Daily Archives: March 26, 2019

RESTORING MY GRANDFATHER’S PIPE; “THE DOODLER”


Blog by Paresh Deshpande

The early Transition Era Barling #2639 that was recently restored was a breeze to work on and finished in real quick time, including the write up. The next pipe now on my work table has a lot of similarities to the Barling #2639; it is cleaned and spruced up by Abha, comes from my inheritance of pipes, has no serious issues to address (apparently) and in this instance too, she has not taken pictures before she commenced her cleaning regimen!!

“The Doodler” pipe on my work table is definitely not a looker by any stretch of imagination!!!! It is a simple straightforward billiard with a vulcanite saddle stem. What is unique though, is its design contribution in the ever progressing quest in the pipe world for a cool smoke and the man behind its design and development. The characteristic features of this pipe are a Custom-Bilt like worm rustications on the heel and shank, even and equally spaced out drilled holes and vertical slats which can be seen through the three rings of briar. From the design itself, it is apparent that all these features that have been incorporated in construction is with one and only purpose and that is to increase the dissipation of heat from the chamber while providing a nice cool smoke. The only stamping seen on this pipe is “THE DOODLER” in fancy block letters over “IMPORTED BRIAR”, on the right side of the shank. The saddle straight vulcanite stem is devoid of any logo.While restoring one of the 5 (or 6) Custom-Bilt from my inherited pipes, I had read about the legendary pipe maker from America, Mr. Tracy Mincer and his second innings after Custom-Bilt, The Doodler!!! To refresh my memory, I revisited rebornpipes.com and pipedia.org. These sites have all the information that one is looking for on “THE DOODLER”. Here are the links from these sites; https://rebornpipes.com/2013/05/22/a-unique-piece-of-pipe-design-history-doodlers-by-tracy-mincer/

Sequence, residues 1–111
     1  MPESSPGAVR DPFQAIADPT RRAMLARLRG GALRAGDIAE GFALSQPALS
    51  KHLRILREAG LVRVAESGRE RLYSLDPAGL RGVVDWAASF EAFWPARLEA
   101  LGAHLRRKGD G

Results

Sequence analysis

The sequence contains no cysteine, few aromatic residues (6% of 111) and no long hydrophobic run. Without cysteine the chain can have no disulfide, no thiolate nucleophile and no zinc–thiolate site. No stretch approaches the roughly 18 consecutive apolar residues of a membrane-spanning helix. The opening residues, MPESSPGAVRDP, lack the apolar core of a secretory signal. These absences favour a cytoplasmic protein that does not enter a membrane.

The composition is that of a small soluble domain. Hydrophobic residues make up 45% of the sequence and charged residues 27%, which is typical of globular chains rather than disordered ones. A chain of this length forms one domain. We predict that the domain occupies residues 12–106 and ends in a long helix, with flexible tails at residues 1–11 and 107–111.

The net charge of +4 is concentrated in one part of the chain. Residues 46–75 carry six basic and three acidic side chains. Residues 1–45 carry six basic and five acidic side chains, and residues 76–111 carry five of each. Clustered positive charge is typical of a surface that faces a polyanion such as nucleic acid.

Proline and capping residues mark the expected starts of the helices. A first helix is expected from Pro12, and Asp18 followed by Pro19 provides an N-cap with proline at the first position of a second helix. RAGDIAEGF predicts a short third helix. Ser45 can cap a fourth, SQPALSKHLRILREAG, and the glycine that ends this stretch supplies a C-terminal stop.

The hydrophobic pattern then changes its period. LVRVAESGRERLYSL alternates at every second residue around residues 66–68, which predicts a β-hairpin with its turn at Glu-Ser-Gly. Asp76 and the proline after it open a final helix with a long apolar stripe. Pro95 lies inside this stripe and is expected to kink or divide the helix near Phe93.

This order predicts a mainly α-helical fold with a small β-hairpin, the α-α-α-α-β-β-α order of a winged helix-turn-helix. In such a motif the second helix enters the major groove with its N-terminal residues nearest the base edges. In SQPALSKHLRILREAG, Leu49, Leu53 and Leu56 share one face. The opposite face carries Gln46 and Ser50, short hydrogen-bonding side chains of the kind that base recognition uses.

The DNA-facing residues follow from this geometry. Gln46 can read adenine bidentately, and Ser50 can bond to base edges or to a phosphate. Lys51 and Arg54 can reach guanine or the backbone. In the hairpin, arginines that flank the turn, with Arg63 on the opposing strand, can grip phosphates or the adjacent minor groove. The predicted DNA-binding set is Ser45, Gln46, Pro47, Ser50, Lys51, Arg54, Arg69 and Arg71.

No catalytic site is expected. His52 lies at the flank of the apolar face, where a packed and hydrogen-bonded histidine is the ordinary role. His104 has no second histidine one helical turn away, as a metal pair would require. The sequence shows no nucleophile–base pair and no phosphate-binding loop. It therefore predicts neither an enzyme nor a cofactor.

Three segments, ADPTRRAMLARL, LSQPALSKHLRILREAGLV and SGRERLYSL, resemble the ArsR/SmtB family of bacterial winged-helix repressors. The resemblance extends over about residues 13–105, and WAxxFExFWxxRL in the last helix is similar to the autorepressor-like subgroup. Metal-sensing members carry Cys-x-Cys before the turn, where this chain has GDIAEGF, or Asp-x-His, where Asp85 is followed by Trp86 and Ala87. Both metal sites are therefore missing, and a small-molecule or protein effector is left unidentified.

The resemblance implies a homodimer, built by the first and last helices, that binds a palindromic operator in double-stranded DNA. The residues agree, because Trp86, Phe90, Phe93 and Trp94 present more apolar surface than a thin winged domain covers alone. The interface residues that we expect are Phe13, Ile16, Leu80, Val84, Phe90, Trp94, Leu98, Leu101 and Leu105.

https://pipedia.org/wiki/The_Doodler

From both the above articles, it is amply evident that the pipe that is on my work table is from the 1953 to 1960s era and is an integral part of history in mankind’s eternal quest for a cool smoke!!!!

INITIAL VISUAL INSPECTION